Bangladesh is a densely populated country with a population of 165 million people, many of whom earn their living in industry. The textile sector in particular is booming, with over 5,500 companies and four million employees: in 2017, Bangladesh was the world's second biggest textile exporter after China. The industry has proven to have contributed to reducing poverty – even though its history of accidents and poor working and production conditions have repeatedly made headline news.
There is a shortage of skilled labour, however: most of the mainly impoverished population have no education whatsoever. This is where the 'Sudokkho' project (Bangla for well trained) comes in, jointly financed by the Swiss Agency for Development and Cooperation (SDC) and the UK's Department for International Development. The implementation is carried out by Palladium, a globally active development organisation, in cooperation with Swisscontact and the British Council. The aim of the project, which runs from 2015 to 2019, is to provide 110,000 poor women and men with initial training courses in the textiles and construction sectors. This is intended to improve their chances of finding skilled jobs – for example as sewing machine operators, painters or carpenters – and thus also their prospects for a higher income.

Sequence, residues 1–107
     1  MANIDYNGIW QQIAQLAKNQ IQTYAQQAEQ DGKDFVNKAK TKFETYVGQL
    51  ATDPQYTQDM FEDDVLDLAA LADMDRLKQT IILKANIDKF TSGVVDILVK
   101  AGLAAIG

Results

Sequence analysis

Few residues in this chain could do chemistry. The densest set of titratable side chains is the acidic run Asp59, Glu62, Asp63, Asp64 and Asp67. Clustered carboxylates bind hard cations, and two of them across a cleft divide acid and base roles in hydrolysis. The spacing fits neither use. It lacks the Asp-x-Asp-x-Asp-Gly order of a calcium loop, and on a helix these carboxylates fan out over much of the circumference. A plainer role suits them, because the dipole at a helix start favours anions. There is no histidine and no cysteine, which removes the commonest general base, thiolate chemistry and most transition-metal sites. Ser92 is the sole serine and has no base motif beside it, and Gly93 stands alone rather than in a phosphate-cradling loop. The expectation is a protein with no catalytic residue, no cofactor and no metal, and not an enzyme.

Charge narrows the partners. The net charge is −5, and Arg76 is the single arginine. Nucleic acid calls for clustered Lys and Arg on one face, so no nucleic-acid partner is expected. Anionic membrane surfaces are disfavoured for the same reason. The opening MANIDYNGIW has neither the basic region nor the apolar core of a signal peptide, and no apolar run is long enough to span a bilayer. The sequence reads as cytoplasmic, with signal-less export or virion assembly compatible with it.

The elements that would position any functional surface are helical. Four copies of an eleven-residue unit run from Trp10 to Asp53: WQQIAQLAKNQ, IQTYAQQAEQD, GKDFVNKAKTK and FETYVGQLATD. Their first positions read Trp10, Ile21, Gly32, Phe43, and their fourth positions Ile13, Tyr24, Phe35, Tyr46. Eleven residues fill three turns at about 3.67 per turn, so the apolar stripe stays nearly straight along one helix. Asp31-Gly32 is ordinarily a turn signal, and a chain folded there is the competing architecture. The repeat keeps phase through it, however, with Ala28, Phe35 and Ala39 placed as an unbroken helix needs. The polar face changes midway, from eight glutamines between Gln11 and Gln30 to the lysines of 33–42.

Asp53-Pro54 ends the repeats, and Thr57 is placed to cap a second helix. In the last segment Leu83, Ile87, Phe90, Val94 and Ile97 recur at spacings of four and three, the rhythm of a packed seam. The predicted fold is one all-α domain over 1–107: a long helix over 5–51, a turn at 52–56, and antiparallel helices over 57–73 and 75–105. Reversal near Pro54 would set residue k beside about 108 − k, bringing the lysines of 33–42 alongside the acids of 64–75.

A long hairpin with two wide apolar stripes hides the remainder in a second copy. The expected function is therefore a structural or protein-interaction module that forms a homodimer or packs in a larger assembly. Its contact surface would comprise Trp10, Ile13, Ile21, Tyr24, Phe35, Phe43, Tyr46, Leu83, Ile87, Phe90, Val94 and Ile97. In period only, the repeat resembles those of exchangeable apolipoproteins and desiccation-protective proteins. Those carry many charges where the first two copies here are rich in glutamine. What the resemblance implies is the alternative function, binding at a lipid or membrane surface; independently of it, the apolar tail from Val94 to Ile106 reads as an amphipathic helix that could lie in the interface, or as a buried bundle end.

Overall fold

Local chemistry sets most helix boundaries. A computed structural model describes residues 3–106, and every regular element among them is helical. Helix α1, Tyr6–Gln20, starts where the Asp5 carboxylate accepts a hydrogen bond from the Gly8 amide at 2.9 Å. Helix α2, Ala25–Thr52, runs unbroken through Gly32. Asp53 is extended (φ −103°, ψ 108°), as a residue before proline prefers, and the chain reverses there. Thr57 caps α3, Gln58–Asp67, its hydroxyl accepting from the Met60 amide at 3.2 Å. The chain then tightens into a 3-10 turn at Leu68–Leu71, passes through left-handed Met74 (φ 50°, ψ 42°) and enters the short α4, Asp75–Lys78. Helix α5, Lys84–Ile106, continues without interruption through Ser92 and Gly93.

Success through partnership with the private sector
To achieve this goal, Sudokkho is working with the private sector. On the one hand, the project supports private providers that offer affordable and high-quality training courses for the target group, especially women and members of disadvantaged groups. On the other hand, it works together with companies from the two high-growth sectors to set up on-the-job training. No fewer than 35 textile companies – including suppliers of well-known European labels – have already begun to invest in the systematic training of their employees.
The Sudokkho approach seems to be working, as an overview of the results achieved so far shows. By the summer of 2017, 10,005 graduates from the courses supported by the project had found a job. This total number includes 4,486 female and 339 male sewing machine operators who had undergone in-house training, and 5,180 graduates of courses run by external private-sector providers (including 1,736 women). Thanks to their jobs, they were able to earn additional income totalling GBP 4.26 million.